Forget optical computing or quantum computing: researchers at Aalto University have successfully used water droplets as bits of digital information.
Using what they term 'superhydrophobic droplet logic', they've built a memory device, as well as devices for elementary Boolean logic operations.
Their invention's based on the discovery that when two water droplets collide with each other on a highly water-repellent surface, they rebound like billiard balls.
"I was surprised that such rebounding collisions between two droplets were never reported before, as it indeed is an easily accessible phenomenon," says Henrikki Mertaniemi, who adds that he conducted some of the early experiments on water-repellent plant leaves from his mother’s garden.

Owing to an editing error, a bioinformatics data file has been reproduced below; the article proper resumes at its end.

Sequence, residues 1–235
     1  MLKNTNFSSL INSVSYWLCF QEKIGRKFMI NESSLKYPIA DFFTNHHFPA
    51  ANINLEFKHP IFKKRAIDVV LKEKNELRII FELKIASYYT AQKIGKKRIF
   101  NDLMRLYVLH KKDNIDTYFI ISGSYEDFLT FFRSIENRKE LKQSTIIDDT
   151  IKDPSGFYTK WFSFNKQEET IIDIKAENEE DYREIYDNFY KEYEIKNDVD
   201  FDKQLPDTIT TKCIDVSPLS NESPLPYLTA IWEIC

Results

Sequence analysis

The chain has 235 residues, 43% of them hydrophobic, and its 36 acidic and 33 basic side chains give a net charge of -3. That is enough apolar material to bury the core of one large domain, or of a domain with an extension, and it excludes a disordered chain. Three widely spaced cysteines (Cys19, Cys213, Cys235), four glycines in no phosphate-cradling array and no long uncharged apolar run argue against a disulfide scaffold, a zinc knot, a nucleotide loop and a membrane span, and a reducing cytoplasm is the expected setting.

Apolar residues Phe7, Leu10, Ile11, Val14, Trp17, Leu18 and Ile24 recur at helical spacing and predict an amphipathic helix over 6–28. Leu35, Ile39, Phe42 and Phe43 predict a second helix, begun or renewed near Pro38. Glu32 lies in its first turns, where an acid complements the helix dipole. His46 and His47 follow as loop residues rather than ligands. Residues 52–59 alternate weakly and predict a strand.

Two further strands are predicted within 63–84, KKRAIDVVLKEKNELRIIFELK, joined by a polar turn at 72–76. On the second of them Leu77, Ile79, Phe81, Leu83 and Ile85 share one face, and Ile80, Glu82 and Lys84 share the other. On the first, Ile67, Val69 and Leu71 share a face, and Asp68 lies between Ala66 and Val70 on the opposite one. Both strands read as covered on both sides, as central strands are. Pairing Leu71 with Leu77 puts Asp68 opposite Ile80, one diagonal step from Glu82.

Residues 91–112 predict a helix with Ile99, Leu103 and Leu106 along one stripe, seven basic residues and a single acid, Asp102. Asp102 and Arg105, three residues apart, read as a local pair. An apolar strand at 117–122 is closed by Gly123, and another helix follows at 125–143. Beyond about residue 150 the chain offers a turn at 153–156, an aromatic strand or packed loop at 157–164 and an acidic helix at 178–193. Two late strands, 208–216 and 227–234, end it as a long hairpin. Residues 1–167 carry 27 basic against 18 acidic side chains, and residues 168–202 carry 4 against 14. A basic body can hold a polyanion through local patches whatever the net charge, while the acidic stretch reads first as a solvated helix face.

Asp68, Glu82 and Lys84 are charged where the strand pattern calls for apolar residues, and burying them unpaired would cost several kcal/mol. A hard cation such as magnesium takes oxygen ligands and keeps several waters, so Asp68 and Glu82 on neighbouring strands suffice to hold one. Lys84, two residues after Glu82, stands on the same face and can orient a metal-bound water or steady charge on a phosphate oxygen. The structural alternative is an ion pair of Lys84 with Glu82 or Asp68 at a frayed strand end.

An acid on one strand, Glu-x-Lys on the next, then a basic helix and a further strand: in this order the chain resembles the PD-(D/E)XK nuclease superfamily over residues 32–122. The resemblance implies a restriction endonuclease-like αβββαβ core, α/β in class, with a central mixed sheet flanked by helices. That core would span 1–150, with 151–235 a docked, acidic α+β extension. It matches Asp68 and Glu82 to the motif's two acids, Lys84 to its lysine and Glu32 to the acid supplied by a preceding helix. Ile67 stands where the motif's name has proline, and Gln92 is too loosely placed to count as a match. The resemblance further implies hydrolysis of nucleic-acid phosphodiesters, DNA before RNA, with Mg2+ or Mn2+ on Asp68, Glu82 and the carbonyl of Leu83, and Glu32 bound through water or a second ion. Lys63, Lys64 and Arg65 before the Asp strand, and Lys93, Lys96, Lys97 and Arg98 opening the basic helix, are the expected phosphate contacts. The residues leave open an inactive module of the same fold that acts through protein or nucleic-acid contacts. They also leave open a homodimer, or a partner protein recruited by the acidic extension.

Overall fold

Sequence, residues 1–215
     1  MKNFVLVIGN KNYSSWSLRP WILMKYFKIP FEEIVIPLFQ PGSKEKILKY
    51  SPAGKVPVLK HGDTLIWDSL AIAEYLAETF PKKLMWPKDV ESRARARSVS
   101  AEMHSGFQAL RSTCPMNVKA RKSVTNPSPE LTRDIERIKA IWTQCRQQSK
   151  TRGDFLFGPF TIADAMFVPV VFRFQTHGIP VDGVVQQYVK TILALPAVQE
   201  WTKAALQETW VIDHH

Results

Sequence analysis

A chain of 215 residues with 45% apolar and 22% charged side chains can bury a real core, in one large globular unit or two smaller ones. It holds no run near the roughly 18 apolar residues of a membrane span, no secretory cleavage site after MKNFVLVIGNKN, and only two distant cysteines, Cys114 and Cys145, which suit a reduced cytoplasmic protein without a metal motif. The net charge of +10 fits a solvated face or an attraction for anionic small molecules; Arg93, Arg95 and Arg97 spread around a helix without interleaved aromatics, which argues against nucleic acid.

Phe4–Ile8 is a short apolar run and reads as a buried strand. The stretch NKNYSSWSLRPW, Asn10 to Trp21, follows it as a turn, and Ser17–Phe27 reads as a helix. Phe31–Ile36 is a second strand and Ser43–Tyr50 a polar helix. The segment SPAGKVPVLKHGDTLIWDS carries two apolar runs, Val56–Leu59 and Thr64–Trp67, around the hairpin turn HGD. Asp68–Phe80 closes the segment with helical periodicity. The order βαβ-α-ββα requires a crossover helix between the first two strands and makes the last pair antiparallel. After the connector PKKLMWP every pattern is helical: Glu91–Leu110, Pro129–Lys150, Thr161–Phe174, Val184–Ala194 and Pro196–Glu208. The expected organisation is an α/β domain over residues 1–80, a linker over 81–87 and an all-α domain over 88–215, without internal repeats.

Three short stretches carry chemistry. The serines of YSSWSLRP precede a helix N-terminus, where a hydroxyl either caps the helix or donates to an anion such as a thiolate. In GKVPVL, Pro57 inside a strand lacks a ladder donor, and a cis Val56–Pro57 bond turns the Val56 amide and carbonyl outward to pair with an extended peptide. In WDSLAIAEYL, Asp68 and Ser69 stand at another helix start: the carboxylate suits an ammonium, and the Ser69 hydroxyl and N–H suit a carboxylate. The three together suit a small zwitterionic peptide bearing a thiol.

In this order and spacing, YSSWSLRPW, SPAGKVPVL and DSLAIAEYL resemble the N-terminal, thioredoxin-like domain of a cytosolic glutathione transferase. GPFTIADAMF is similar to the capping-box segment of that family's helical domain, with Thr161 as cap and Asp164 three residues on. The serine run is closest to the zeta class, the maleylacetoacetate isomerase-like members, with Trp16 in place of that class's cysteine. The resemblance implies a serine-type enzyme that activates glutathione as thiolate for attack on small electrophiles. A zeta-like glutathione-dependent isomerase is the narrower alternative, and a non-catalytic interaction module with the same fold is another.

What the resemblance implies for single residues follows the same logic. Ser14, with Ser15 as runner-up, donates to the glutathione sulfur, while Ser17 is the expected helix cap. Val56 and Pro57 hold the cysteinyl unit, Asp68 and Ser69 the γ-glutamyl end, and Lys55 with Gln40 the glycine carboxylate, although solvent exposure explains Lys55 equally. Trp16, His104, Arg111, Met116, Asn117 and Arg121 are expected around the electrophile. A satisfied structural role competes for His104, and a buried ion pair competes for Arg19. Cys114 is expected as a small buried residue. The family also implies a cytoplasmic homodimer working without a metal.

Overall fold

The team used a copper surface coated with silver, and chemically modified with a fluorinated compound. This made for a surface so water-repellent that water droplets roll off when it's tilted only slightly. Superhydrophobic tracks guide the droplets along designed paths.
The researchers suggest that their invention could actually have practical applications - autonomous simple logic devices that don't require electricity, for example.
And when the water droplets are loaded with reactive chemical cargo, they say, droplet collisions could control the onset of a chemical reaction. Combining this with droplet logic operations could potentially enable programmable chemical reactions where single droplets serve simultaneously as miniature reactors and bits for computing.